Rhetorical Goal 1: Present your research issue and explain its unresolved status.
Rhetorical Goal 2: Convince readers that your research issue is truly important and therefore worth resolving.
Rhetorical Goal 3: State your hypotheses and explain their rationale.
Rhetorical Goal 4: Introduce the novel and unique features of your research and writing project. 
Rhetorical Goal 5: Present the specific purposes of your research and writing project. 
Rhetorical Goal 6: Present your claims.
Rhetorical Goal 7: Describe the methods that you used, or plan to use, in carrying out your study.
Rhetorical Goal 8: Justify your use of selected methods.
Rhetorical Goals for Results Sections
Rhetorical Goal 9: Present the results that are essential for reaching and supporting your conclusions.
Rhetorical Goals for Discussion Sections
Rhetorical Goal 10: Briefly reintroduce the defining features of your study.
Rhetorical Goal 11: State your conclusions and support them with your study's results.
Rhetorical Goal 12: Relate your study's outcomes to those from previous studies on your research issue. 
Rhetorical Goal 13: Discuss the mechanisms that underlie your study's main results, and argue for the most plausible underlying mechanisms (when such an argument is warranted). 
Rhetorical Goal 14: Acknowledge significant methodological shortcomings to your study, and explain how they may have influenced its outcomes. 
Rhetorical Goal 15: Discuss the practical implications and applications of your study's results.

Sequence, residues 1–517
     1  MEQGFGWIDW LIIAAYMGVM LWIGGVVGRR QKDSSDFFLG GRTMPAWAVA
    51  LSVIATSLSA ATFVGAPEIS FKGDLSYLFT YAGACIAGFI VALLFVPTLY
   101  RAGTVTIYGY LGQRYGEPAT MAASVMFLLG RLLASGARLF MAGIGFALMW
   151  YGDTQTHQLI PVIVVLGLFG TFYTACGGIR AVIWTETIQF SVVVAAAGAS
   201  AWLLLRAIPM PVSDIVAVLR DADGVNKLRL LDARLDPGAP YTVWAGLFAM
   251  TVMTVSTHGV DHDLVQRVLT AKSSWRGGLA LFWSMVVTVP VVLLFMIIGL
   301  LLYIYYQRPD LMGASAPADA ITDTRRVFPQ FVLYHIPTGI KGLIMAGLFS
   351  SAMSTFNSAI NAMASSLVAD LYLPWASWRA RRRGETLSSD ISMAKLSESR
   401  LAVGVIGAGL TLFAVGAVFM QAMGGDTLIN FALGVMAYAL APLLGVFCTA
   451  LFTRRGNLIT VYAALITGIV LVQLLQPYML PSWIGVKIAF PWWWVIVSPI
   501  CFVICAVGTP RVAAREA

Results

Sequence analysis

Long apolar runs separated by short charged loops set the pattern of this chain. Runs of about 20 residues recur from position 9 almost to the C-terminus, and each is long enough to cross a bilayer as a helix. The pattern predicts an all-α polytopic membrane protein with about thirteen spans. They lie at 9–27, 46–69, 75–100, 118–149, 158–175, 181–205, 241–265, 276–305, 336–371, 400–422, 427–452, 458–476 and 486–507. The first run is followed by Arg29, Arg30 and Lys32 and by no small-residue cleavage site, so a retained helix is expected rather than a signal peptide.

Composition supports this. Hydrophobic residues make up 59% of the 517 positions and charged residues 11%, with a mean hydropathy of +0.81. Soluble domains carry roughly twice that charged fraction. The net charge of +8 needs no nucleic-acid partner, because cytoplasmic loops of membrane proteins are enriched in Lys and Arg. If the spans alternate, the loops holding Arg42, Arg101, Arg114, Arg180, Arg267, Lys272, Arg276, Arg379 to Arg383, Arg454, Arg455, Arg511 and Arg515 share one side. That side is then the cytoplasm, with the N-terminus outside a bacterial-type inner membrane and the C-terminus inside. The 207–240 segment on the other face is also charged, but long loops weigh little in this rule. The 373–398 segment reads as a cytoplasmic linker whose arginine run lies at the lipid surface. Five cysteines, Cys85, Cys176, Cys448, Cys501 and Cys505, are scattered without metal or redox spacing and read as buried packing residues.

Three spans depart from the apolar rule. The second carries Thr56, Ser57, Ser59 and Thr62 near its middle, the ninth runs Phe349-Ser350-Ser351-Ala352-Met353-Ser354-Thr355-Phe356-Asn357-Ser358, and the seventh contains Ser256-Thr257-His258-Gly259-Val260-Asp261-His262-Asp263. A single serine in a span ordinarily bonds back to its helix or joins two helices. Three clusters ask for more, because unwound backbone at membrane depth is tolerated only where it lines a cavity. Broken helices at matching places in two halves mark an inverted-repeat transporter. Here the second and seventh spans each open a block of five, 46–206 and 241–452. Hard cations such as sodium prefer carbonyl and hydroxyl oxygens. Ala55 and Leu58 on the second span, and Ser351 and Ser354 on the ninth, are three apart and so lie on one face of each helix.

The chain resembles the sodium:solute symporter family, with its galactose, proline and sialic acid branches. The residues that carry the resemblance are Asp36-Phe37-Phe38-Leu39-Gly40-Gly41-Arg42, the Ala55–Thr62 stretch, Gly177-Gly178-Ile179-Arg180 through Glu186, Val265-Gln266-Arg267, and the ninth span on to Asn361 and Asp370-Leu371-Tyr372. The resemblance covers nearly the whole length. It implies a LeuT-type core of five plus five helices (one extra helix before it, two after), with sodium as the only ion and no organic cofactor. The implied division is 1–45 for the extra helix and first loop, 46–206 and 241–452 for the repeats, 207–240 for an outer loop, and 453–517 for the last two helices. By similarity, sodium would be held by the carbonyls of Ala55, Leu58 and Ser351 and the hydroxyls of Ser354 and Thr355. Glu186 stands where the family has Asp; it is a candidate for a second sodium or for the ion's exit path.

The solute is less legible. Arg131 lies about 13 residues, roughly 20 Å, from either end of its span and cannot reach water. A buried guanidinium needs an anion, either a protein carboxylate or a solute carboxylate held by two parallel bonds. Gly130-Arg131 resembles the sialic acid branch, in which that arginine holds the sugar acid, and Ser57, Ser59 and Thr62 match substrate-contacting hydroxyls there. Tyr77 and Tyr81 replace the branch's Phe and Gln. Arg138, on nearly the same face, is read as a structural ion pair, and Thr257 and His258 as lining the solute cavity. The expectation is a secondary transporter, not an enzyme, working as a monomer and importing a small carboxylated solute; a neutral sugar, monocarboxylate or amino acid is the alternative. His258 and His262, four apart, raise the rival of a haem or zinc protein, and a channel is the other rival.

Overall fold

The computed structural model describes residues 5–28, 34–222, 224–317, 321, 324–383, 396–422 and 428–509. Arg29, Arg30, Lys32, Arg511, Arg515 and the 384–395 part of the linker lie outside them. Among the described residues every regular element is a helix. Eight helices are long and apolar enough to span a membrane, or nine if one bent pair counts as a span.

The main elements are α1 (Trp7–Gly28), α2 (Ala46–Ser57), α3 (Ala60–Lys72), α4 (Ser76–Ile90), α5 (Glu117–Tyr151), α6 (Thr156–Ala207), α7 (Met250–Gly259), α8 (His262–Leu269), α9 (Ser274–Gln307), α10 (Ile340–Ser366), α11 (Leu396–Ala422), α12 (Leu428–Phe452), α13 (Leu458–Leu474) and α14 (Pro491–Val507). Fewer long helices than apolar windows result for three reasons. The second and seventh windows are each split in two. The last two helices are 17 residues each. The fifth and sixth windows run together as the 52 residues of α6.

Rhetorical Goal 16: Propose future studies on your research issue.
Rhetorical Goals for the Body of Review Papers
Rhetorical Goal 17: Provide essential background knowledge about the studies, critical evaluations, and arguments that are central to your review paper.
Rhetorical Goal 18: Summarize the published studies on your topic or research issue.
Rhetorical Goal 19: Synthesize the published studies on your topic or research issue.
Rhetorical Goal 20: Explain and argue for the mechanisms underlying the results of the published studies you are reviewing. 
Rhetorical Goal 21: Convince readers to accept your original arguments.
Rhetorical Goals for the Conclusion Section of Review Papers
Rhetorical Goal 22: Briefly reiterate the key information, ideas, and arguments that were central to the body of your review paper. 
Rhetorical Goal 23: Suggest future directions and new studies on your paper's topic or research issue. 

Appendix A. Guidelines for Preparing and Delivering Oral Presentations and Poster Presentations

Appendix B: Glossary of Sentence Grammar Terms



About the author: 

Laurence Greene, PhD, taught scientific writing and integrative physiology at the University of Colorado at Boulder from 1993 to 2009. With funding from the National Science Foundation and the CU-Boulder Faculty Teaching Excellence Program, Dr. Greene developed discipline-specific scientific writing courses for undergraduate and graduate students. In 2009, Dr. Greene left academia to practice what he had preached as a writing instructor. He is currently a scientific and medical writer in South Florida.